Law, Design, and the Human Habitat: Part ILaw, Design, and the Human Habitat: Part I

Law, Design, and the Human Habitat: Part I

Milton Friesen
3 minute read
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I recently had the privilege of attending the Congress for the New Urbanism 23 in Dallas, Texas, along with over a thousand other planners, architects, community organizers, urban designers, developers, city-oriented creatives.

Within the dynamic matrix of talks, conversations, presentations, workshops and collaborative sessions, I had opted to be part of a practically oriented 9-5 working session called the “Form-Based Code Workshop.” Led by members from three different new urbanism firms, the workshop consisted of participants being divided into several teams who then spent the day applying the SmartCode to an area of downtown Dallas centered on the Dallas Farmers Market.

The workshop
Our time together was a mix of orienting talks by leading practitioners, guided tours of the area we would be zoning by those same practitioners, and then mapping exercises at tables in the farmers market. As teams we spent time debating, puzzling, and sketching how the SmartCode could guide a strongly human-centered design structure that would support long-term vitality for this part of Dallas over the coming years and decades. At the end of the day, a developer and some citizens heard each team’s ideas for balancing the complex mix of forms that thriving downtowns require.

The most critical aspect of this process is finding the most vital and loved areas of Dallas (or other local context) and then using what has already proven successful to calibrate a design framework that can be applied to areas that require support or are in line for new or re-development. Our goal was to reflect what Sandy Sorlein had reminded of us in our homework webinar prior to the session: “attend to the character of habitat for humans.”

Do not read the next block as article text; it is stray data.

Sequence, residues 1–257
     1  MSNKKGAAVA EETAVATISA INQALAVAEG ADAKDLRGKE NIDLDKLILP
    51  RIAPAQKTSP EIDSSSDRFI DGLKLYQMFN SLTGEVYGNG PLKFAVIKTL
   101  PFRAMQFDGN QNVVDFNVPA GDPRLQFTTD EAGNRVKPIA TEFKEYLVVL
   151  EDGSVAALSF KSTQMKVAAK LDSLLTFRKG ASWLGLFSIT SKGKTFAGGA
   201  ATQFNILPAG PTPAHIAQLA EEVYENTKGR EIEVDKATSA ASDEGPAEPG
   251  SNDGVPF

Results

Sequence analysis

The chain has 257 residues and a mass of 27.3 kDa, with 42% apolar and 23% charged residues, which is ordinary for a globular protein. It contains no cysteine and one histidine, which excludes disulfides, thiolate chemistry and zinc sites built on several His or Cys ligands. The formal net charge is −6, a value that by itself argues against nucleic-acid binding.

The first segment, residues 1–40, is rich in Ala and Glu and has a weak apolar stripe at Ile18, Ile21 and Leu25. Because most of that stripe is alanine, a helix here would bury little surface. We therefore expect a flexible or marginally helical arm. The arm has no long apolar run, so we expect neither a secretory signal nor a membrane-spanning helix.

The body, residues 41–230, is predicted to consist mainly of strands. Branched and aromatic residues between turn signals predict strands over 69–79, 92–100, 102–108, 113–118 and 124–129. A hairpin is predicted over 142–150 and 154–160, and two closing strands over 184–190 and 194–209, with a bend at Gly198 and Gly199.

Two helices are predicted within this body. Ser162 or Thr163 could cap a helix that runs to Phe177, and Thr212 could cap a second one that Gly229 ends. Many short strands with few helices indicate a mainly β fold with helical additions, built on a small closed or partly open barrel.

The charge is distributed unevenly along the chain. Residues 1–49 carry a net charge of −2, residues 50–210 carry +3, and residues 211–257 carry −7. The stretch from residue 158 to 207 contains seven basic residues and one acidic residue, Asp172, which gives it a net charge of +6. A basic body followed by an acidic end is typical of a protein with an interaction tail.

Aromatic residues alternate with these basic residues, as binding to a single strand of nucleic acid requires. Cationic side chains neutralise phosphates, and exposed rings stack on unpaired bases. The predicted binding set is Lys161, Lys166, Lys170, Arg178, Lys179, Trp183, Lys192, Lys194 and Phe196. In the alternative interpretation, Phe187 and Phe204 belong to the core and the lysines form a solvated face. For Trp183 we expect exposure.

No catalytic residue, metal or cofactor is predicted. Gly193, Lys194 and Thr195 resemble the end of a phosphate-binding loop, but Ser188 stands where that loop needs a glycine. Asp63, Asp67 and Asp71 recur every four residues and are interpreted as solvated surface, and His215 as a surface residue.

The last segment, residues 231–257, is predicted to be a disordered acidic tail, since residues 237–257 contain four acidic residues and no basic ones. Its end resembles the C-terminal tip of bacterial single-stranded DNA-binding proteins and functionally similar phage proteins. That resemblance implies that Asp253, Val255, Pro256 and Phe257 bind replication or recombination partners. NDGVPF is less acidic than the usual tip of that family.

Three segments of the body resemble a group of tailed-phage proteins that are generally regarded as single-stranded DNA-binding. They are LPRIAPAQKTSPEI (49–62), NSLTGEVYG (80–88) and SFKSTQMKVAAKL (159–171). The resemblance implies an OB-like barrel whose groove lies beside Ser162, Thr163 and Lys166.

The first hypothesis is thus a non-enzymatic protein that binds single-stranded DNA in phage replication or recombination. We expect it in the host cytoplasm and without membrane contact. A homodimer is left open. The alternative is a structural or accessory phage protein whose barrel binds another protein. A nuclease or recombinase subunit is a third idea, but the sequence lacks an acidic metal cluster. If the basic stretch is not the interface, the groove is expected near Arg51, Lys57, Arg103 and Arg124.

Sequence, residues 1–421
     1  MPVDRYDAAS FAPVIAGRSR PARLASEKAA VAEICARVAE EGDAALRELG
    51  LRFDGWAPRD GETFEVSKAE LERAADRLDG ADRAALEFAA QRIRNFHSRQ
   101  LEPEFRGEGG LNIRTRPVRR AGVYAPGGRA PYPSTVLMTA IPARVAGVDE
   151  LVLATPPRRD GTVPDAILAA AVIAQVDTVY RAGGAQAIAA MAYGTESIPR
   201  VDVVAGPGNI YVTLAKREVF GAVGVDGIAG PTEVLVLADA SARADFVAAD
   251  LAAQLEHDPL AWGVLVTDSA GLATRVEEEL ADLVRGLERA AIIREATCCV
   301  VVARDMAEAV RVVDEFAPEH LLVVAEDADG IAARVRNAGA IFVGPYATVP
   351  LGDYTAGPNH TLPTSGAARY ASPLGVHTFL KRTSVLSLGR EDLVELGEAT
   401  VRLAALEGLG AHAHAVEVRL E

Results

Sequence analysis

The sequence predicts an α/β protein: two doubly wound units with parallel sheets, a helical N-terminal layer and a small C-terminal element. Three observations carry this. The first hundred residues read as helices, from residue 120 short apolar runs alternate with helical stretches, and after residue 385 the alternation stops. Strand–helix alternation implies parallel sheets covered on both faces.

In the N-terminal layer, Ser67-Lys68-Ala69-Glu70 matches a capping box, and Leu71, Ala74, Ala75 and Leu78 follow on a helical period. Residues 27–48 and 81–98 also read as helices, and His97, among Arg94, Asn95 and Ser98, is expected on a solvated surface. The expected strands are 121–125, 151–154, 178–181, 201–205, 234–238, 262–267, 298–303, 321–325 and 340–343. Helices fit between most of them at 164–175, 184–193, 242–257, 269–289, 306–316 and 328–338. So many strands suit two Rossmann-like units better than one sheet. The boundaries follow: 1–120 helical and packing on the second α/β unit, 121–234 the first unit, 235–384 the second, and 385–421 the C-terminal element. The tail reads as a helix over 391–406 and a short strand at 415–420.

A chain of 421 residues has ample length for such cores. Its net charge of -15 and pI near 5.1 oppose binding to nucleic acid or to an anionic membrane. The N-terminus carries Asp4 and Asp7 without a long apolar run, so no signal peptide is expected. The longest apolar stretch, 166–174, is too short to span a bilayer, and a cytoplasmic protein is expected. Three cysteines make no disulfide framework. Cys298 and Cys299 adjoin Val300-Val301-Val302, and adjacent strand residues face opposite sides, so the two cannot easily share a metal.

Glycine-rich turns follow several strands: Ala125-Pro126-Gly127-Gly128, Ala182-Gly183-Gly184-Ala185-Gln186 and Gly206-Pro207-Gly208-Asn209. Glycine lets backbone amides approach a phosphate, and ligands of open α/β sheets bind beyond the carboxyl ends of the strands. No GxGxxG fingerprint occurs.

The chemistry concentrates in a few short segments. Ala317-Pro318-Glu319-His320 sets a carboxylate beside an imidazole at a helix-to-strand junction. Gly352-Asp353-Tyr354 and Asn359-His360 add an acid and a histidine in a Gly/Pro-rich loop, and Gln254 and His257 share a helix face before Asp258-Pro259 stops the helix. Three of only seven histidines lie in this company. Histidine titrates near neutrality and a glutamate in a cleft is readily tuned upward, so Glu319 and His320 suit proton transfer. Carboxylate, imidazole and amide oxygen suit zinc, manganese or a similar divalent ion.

The Code Rather than designing zoning and development rules that focus on use, form-based development attends to the physical structure and design DNA of what has already worked and then develops a process of applying those forms to ongoing development. This may seem like a hair-splitting difference, but it isn’t. Rather than predicting residential or commercial demand 20 or 30 years in the future, form-based codes attend to the density, layout, and qualities of a given space and move negotiations of particular use closer to the street level. This ensures a container adequate to the level of density (built and human) while providing flexibility on what goes in said container. For those familiar with subsidiarity concerns (decisions should be made closest to the level of impact), SmartCode embodies a kind of spatial and design subsidiarity that has potential for improved community design. This is an example of how law and design function as good development DNA.

General overview of what form-based design looks like from SmartCode 9.2
The term “code” derives from “caudex,” which was simultaneously the trunk of a tree and set of laws. It is one of several terms clustering around the idea of power being resident in a sacred tree at the center of a traditional village. A code, then, is etymologically and functionally the trunk around which a settlement arranges itself.

- Patrick Pinnell – from SmartCode Version 9.2 workbook (http://transect.org/codes.html)

To be continued: you can read Part II of this article, with more on the choices, the outcomes, and the needs, by clicking here.

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